Tony's Reviews > The Expats

The Expats by Chris Pavone
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did not like it
bookshelves: novels

Presumably the main purpose of a thriller is to provide thrills -- unfortunately, this one does not. I have no earthly idea why John Grisham's blurb compares it to "the early works of Ken Follett, Frederick Forsyth, and Robert Ludlum" because not only is it not in the same league, it's not in the same sport. Christopher Reich's blurb makes the claim that the book is a "jet-fueled story that rockets from one corner of the globe to another." This is curious characterization of a book where the action almost entirely takes place in Luxembourg, France, and Switzerland, with the occasional flashback to Washington, D.C. and New York and occasional weekend trip to various other European cities. And it is anything but "jet-fueled," -- quite the opposite: it is slow and plodding to a deadly degree.

The story concerns a middle-class married couple (Kate and Dexter) with two kids who move to Luxembourg as a result of a job opportunity for the husband. This gives Kate the opportunity to quit her work as a CIA agent and settle into a new life as an expat housewife without ever having to reveal her secret professional life to Dexter. Of course, it goes without saying that Dexter harbors a secret or two himself (shades of that tepid Brangelina movie Mr. and Mrs. Smith). Their story flips back and forth between the present, and two years previously. In the present, they are living in France and Kate runs into a friend from Luxembourg who is not really a friend, but some kind of agent sent to track her and Dexter down. The "two years ago" sections are the bulk of the book, and detail the family's move to Europe, and the gradual revelations of truth that eventually tie into the present. It's a clunky narrative method, with the two timelines cut and pasted back and forth in a vain attempt to create some kind of narrative tension.

Unfortunately, most readers will have a reasonably good idea of Dexter's revelation is going to be, so we're left waiting, and waiting, and waiting...for Kate to catch up. Meanwhile, we roll around in Kate's head as she struggles to figure out her new life and her husband's odd job. There are some nice moments when we see Kate struggling with her deception, and trying to convince herself to tell Dexter about herself and what she knows about him. But even that is just a typical portrayal of a marital deception writ large. There are a few scenes here and there that unfold quite nicely, for example, a gathering of ex-pat mothers having coffee and babbling about nothing, or Kate's acquisition of a gun from a Scottish pimp in a brief trip to Amsterdam.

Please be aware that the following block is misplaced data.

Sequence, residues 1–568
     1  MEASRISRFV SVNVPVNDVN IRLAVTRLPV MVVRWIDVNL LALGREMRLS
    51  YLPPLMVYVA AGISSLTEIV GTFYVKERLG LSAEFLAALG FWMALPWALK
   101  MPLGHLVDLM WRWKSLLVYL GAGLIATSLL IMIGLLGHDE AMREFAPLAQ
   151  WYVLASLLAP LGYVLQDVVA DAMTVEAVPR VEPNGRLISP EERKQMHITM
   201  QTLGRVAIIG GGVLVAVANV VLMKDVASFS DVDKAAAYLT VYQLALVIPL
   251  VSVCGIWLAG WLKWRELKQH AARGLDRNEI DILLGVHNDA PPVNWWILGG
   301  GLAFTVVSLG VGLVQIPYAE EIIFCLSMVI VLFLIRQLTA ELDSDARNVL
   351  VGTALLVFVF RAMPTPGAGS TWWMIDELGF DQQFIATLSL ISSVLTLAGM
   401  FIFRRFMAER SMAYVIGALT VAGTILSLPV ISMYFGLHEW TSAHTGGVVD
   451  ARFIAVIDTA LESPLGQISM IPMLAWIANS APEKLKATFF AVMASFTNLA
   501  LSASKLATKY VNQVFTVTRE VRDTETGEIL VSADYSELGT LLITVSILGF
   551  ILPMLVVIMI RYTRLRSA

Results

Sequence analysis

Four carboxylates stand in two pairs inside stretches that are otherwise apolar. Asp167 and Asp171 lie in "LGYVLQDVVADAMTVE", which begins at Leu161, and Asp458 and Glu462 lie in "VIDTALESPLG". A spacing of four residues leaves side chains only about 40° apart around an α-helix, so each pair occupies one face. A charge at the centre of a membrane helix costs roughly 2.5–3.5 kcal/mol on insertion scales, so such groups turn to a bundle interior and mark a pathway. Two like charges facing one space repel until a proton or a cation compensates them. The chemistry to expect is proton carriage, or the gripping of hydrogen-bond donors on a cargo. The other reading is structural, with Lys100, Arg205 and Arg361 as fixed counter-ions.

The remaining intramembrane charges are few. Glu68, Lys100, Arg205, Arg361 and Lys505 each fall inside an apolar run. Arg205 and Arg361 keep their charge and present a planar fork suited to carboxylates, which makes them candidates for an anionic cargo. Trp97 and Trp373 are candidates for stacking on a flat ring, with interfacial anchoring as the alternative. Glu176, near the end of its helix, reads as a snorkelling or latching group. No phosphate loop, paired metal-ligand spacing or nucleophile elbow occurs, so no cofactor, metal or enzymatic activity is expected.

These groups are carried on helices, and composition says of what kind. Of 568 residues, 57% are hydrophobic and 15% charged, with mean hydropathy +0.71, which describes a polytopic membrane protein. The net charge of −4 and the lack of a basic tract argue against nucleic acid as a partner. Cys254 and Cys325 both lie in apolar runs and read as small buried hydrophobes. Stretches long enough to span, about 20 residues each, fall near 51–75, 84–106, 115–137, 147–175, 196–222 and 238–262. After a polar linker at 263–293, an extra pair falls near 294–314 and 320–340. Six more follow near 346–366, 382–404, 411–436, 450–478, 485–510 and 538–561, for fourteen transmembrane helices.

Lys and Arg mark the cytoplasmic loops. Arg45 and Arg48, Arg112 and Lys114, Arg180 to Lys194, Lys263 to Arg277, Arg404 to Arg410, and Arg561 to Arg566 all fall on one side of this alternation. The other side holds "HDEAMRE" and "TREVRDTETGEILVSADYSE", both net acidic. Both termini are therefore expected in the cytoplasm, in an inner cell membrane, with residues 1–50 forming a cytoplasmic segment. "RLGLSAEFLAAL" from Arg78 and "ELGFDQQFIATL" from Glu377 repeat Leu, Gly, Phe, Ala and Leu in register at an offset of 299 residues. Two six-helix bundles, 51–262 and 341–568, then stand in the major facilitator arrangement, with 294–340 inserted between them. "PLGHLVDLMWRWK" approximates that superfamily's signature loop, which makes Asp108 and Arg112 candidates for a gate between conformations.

However it's not until the very end of the book that the deceptions start to fall away and the action picks up, and Kate and Dexter confront the other's secret side, and have to work together. Only then can a very elaborate David Mamet-like con artist plot start to unfold. This is all reasonably nifty, but even here, the two timelines create a narrative choppiness that slows the pace down. In the end, the whole enterprise felt rather thin and artificial, which left me thinking that this might be the kind of book that is actually better as a slick Hollywood film. I wouldn't be surprised if we get the chance to find out in about three years.


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Reading Progress

Started Reading
January 1, 2011 – Finished Reading
November 12, 2011 – Shelved as: novels
November 12, 2011 – Shelved

Comments Showing 1-10 of 10 (10 new)

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Jordana I completely disagree with this reader. I was hooked on page one. And found it a rip roaring good read that pulled me along with it through great plot twists and locales.


Cathy Davis Agreed with the reviewer.


Sheila Kelly Tony is right!


Cindy Tony, I was struggling to find a way to express the same thoughts that you put so elegantly. Excellent review, but I did enjoy the book more than you did. I think it was partly because it was an audiobook and so I could multi-task.


message 5: by Kimberly (new)

Kimberly Thanks for review


David Tony - Spot on review.


Debra Totally agree.


message 8: by Melissa (new) - added it

Melissa Crytzer Fry I am slogging through this for book club. PAINFUL. can't wait till it's over.


Sarah Dayal Disagree with this reader! I was hooked - I didn't mind choppy narrative. On the contrary a more linear narrative might have bored me.


Elisabeth Tyler I love Ken Follett novels and I can see the comparisons. Pavone puts a lot detail into the descriptions of life and the development of the characters. He just does it in a much shorter book than Follett. If Follett wrote this book it would also be a text book on how to build, use and hack a computer. Lol I really enjoyed Pavone’s book and will come back for #2.


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